Posted on April 3, 2019 by staff

Tech-driven personality assessments ‘saved businesses €65m’


Companies operating within safety conscious industries have saved roughly €65 million in workplace injury and accident costs by using technology, according to a report.

In 2017, European businesses lost more than €476 billion in damages caused by workplace accidents and injuries, which amounted to a staggering 3.3 per cent of the European Union GDP.

However firms in sectors such as construction, oil and gas have incorporated personality testing into their recruitment strategy.

Research compiled by Hogan Assessments – a global provider of workplace personality assessments and consulting – estimated that companies using these safety specific personality tests were able to save approximately €65m, 1,728 days of production.

This is based on data collected from 40,000 safety reports distributed by Hogan Assessments in Europe between 2015 and 2018, where each candidate was scored on their safety conscious behaviour.

Personality assessments can be used to score applicants on specific personality traits that are best suited to the industry within which they are applying.

Applicants that are deemed to be compliant, resilient, cheerful, vigilant, cautious, and trainable are considered safety conscious, and would therefore make for a strong candidate within these sectors.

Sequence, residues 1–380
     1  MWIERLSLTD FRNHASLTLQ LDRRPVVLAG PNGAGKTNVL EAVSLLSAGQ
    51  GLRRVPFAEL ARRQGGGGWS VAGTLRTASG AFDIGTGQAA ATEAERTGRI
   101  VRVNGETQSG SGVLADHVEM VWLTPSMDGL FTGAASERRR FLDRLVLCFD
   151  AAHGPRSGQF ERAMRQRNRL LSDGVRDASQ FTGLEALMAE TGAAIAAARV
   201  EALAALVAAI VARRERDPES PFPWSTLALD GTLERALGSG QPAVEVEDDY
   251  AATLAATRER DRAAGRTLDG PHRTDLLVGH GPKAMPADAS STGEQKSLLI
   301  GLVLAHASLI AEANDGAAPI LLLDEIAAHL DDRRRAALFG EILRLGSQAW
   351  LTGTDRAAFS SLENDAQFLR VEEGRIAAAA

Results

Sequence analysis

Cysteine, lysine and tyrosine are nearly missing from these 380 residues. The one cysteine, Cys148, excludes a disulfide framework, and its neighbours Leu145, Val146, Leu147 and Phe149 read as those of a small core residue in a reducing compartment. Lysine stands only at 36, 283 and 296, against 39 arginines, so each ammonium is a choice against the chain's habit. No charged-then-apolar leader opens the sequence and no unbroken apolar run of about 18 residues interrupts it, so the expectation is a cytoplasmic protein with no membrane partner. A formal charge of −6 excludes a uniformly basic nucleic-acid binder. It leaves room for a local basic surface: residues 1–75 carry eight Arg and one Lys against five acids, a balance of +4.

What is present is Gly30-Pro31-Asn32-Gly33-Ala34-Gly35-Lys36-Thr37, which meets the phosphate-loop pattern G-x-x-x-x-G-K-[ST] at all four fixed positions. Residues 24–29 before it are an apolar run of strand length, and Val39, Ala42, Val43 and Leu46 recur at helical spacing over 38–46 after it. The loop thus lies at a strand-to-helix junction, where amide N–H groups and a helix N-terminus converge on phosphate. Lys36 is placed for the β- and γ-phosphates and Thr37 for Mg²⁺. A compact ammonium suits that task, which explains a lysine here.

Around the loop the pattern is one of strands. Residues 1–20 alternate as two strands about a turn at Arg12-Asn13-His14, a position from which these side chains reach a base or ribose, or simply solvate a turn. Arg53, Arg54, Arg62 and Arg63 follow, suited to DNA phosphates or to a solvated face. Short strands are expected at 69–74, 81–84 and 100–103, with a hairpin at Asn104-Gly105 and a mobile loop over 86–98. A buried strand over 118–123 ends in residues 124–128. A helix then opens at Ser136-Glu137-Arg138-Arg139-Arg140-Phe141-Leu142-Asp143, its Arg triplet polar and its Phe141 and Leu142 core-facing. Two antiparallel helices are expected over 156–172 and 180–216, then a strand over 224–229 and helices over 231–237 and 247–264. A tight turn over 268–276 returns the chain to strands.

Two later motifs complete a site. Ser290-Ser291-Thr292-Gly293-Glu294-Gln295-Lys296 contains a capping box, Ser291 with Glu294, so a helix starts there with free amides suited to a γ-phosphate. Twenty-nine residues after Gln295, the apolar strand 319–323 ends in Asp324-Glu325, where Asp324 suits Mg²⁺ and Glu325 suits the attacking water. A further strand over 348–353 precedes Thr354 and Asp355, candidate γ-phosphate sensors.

Candidates who are deemed to be defiant, panicky, irritable, distractible, reckless, and arrogant would not be safety conscious, and would therefore pose a threat to the safety and wellbeing of their fellow staff members as well as themselves.

“Industries involving a higher level of manual labour, such as construction, oil and gas, are at most risk when it comes to workplace accident and injury,” commented Zsolt Feher, managing director Europe at Hogan Assessments.

“Companies that operate within safety conscious industries need to put additional measures into place to ensure that they recruit the right staff and create a safe environment for their workers.’

“In the age of HR tech, HR professionals should consider diversifying their repertoire of HR tools to include personality assessment and consulting.

“Using personality assessments can reduce the risk of onboarding staff that look good on paper, but in reality, are not a good match for your company’s working culture.

“Much like a lot of emerging HR tech tools, the technology that underpins a workplace personality test is used to measure ‘hidden’ personality traits and qualities that may not necessarily be visible in a job interview.”